In this segment of The Everyday Innovator video podcast, Dr. Chad McAllister and I discuss growing up in silos and how alignment and integration is a key organization design concept.
Designing the elements, like strategy, metrics, and the things you mentioned, make the organization the organization. I appreciate that you emphasize that the alignment between those, designing the alignment that is so important too. Just as a quick aside, one of my experiences. I was invited to join the executive team because I was in the role that sat between all the functions. That role was often being squeezed between the silos, and it just absolutely amazed me; maybe I saw this more because I was actually between the roles and interacted more with the vice presidents involved.
At one meeting in particular, in an organization that was primarily managed by objective, so the CEO would say what the goals were for the organization. Then, the same day, after the meeting, talk to the VP of sales on how he was responding to that objective and the VP of engineering and how he was responding to that objective and pointing out that if you indeed do what you do, that’s going to make this other guy’s job difficult and challenging, but that wasn’t how they perceived it. He said, “that’s not my responsibility.” In other words, his responsibility was to optimize his role, function, and department. If he is in sales, his job is to optimize sales, even if that might jeopardize something that is going on in engineering. That alignment is so essential, and it’s left out of organizations too often.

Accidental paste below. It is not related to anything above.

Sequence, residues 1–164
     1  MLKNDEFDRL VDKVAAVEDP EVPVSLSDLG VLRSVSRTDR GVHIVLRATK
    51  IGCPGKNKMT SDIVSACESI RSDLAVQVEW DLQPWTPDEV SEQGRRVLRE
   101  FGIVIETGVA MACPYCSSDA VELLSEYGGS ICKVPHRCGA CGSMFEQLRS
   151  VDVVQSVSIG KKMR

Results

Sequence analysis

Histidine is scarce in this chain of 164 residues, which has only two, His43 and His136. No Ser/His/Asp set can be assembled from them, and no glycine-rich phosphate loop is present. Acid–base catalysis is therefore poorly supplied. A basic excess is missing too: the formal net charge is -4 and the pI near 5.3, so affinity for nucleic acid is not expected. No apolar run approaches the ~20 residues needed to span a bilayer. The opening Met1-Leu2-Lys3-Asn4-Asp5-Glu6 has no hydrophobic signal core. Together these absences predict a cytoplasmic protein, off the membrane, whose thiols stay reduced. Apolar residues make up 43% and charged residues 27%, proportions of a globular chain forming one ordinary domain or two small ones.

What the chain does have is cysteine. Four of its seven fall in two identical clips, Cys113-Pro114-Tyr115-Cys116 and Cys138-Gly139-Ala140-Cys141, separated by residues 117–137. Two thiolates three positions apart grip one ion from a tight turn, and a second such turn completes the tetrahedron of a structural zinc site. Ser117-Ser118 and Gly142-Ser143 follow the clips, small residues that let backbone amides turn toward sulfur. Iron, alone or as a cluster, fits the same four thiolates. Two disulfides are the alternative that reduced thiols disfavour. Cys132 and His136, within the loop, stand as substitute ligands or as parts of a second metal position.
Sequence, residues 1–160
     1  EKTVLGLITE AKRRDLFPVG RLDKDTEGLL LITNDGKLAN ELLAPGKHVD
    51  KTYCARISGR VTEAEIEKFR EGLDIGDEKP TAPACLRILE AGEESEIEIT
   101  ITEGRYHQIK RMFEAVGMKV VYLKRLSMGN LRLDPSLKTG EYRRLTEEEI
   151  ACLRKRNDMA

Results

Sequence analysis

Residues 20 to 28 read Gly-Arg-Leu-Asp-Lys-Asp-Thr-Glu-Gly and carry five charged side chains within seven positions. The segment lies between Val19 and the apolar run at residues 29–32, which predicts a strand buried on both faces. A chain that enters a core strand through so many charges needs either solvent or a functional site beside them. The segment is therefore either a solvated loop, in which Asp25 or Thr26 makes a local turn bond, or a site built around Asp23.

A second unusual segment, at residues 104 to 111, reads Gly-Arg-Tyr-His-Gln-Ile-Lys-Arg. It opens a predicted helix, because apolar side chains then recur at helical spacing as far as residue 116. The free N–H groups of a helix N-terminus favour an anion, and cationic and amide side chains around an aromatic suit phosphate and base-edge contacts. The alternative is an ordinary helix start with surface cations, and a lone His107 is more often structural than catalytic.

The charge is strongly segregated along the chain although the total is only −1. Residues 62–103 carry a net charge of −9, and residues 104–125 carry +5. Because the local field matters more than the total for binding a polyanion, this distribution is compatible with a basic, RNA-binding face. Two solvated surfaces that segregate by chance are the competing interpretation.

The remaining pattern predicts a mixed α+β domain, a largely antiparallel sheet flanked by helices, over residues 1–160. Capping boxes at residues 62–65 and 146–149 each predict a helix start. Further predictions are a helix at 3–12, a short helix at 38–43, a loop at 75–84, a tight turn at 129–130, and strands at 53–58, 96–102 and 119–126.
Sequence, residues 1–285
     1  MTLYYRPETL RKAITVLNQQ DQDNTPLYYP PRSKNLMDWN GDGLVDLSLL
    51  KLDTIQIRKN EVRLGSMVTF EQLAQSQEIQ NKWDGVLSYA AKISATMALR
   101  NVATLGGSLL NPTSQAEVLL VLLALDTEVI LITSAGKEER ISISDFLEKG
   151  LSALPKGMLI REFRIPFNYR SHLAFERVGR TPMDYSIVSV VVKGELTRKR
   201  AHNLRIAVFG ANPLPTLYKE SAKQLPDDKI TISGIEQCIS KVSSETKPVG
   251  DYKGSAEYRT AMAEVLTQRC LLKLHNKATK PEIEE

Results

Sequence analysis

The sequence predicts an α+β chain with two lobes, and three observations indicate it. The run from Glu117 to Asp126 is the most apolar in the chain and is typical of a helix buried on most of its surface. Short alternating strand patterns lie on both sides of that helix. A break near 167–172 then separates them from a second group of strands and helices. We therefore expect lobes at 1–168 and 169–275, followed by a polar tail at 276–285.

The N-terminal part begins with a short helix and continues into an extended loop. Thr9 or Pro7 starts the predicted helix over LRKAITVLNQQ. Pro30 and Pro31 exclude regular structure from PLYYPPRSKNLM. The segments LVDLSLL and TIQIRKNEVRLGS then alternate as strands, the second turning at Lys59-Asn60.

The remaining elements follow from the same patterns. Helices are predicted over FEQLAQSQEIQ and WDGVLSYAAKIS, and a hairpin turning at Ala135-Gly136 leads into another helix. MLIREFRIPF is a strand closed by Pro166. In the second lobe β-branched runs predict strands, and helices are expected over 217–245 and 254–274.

The issue that you’re talking about is also part of the alignment of incentives and part of the alignment of culture and the alignment of developing employees. All too often, we grow executives in a particular functional area or silo, and some organizations make sure they get broadening assignments. They get to view other parts, but sometimes they don’t. If you can succeed and get promoted or a bonus based on optimizing your area at the expense of other areas, then the design and the incentives’ alignment are not there.
Interestingly, most management ideas and techniques and fads we’ve had do work if you do them right and align everything to support them. But all too often, we plop down a new management technique or a new management idea in the middle of an organization, and we don’t work through the system integration, for lack of a better word. The lack of alignment among the rest of the organization’s components causes the new management technique to fail. They fail to produce the results, and we blamed the idea or the method when it was us not doing our job of good integration and alignment of that new technique into our business systems and our culture.